International Monetary Fund chief Christine Lagarde and the eurozone’s 19 finance ministers are meeting with hopes riding high that the talks will secure the release of the latest segment of Greece’s 86 billion euro ($97 billion) bailout agreed in 2015. Greece has repayments on other loans due next month, which it could not otherwise have made.
“It’s a question of goodwill and it’s a question of willingness”, said French Finance Minister Bruno Le Maire, whose country has long taken a softer line on Greece than Germany.
Greece almost crashed out of the euro in 2015 after a furious fight over the bailout deal, and says its fragile recovery has suffered from the most recent delay.
Greece’s left-led coalition government has recently taken further cost-cutting measures, including trims to pensions, in hopes of getting a long-delayed rescue loan installment.
But the International Monetary Fund is less optimistic, arguing there must be further relief for Athens before it can label its debt sustainable and justify loaning Greece any more cash.
He said the best Greece could hope for is some sort of limited debt relief deal in 2018, which will likely be agonizing to extract from Europe but still won’t solve Athens’ woes.
Eurogroup finance ministers meet later on Thursday to review the bailout program for Greece.
The Greek people need to see the “light at the end of the tunnel of austerity”, Moscovici said.
Pressure is mounting at home on left-wing Greek Prime Minister Alexis Tsipras from a public tired of austerity.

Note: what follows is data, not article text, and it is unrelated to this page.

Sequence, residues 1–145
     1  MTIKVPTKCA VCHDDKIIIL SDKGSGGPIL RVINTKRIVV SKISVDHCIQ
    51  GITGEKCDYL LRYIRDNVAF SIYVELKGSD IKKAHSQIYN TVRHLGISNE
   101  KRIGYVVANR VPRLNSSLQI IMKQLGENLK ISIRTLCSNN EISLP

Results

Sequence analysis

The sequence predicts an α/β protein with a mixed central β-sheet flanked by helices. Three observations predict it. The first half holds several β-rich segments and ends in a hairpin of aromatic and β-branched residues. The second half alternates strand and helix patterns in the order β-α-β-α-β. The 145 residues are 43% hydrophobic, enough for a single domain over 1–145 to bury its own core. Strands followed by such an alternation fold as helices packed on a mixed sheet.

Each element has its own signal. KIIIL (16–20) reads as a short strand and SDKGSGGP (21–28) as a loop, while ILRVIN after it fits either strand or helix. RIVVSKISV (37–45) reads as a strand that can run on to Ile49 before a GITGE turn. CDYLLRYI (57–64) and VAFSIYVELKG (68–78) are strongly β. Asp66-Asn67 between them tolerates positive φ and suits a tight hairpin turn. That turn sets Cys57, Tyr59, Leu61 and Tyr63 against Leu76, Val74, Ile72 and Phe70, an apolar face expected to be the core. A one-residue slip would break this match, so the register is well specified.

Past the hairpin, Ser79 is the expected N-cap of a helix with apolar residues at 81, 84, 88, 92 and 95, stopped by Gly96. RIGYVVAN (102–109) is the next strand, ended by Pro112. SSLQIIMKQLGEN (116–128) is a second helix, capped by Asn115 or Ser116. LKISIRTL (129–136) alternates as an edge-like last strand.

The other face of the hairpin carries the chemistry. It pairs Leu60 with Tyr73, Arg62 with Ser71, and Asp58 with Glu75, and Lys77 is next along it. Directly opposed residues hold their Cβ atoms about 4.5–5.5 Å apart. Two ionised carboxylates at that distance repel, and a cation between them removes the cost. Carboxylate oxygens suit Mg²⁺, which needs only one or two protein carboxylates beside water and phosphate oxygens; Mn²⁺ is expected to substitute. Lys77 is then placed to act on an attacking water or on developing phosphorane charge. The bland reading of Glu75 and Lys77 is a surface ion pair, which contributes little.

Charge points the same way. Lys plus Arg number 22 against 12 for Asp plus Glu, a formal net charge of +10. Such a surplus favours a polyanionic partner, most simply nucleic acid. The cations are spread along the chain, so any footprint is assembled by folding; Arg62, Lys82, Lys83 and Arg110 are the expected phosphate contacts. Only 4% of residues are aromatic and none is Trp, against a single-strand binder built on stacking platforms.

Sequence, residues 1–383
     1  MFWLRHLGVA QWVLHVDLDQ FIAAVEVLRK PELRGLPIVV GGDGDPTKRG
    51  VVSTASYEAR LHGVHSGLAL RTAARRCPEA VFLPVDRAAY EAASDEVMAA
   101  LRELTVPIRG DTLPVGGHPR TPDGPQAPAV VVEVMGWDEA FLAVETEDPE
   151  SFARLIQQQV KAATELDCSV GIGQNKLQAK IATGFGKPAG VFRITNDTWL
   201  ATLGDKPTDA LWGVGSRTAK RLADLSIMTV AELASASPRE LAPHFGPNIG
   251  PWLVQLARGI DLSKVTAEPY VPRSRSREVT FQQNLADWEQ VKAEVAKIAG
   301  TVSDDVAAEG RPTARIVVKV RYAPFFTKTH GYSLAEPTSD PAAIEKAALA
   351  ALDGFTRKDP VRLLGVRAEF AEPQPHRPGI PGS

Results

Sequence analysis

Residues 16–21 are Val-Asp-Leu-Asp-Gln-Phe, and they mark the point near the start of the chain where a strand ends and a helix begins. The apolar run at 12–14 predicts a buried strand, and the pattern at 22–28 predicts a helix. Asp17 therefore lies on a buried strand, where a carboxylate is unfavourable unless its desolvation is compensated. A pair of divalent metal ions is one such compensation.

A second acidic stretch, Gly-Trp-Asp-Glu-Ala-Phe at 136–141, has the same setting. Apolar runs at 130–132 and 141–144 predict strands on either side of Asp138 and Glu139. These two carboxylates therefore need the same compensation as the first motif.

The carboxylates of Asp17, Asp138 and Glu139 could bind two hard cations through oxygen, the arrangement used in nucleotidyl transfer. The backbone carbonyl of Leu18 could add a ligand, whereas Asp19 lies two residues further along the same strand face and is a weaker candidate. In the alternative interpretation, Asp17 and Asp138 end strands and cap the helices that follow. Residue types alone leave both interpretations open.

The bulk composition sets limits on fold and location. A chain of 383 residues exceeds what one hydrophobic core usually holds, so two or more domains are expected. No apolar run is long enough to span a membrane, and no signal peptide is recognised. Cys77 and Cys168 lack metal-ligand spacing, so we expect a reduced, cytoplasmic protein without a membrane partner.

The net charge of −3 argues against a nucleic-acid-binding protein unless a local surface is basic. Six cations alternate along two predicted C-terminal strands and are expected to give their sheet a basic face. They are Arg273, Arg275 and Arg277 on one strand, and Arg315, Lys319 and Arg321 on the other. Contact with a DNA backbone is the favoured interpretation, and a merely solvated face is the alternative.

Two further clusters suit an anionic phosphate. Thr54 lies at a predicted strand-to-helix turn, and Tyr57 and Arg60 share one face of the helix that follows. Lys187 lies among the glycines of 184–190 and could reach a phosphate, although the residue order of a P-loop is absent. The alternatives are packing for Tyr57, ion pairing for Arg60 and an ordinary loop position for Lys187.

The Fund could however join the program with a financial support “in the range of 2 billion dollars” only after a full deal on additional measures of debt relief for Greece.
Dijsselbloem said the creditors were “preparing Greece for the end of the program”, when Greece would have to stand on its own feet for the first time since 2010 and borrow money from worldwide bond markets.
Debt relief talk has been a hard sell in Germany, the biggest contributor to the Greek bailouts, which faces elections in September and does not want to anger its bailout-weary voters with discussions of relief for Athens.
For Greece, that would limit the amount it has to pay out on debt servicing each year, money it can use to help the Greek economy and society. That’s largely because the Greek economy has contracted by around a quarter, meaning a worsening in the debt load even at a time when the country’s budget has improved markedly.
The IMF has so far refused to join in this bailout, Greece’s third since 2010, because it believes that without relief Greece can not get out from under its massive debt mountain.
The IMF compromise is a setback for Tsipras, who loses a major backer of deeper debt relief.
“I would like to announce my intention to propose to the IMF’s Executive Board the approval in principle (AIP) of a new IMF Stand-By Arrangement for Greece”.
In Athens, some 1,500 pensioners gathered to protest against more than a dozen rounds of pension cuts since bailout-induced austerity was enforced seven years ago.
“We can’t live on 300 euros” they chanted.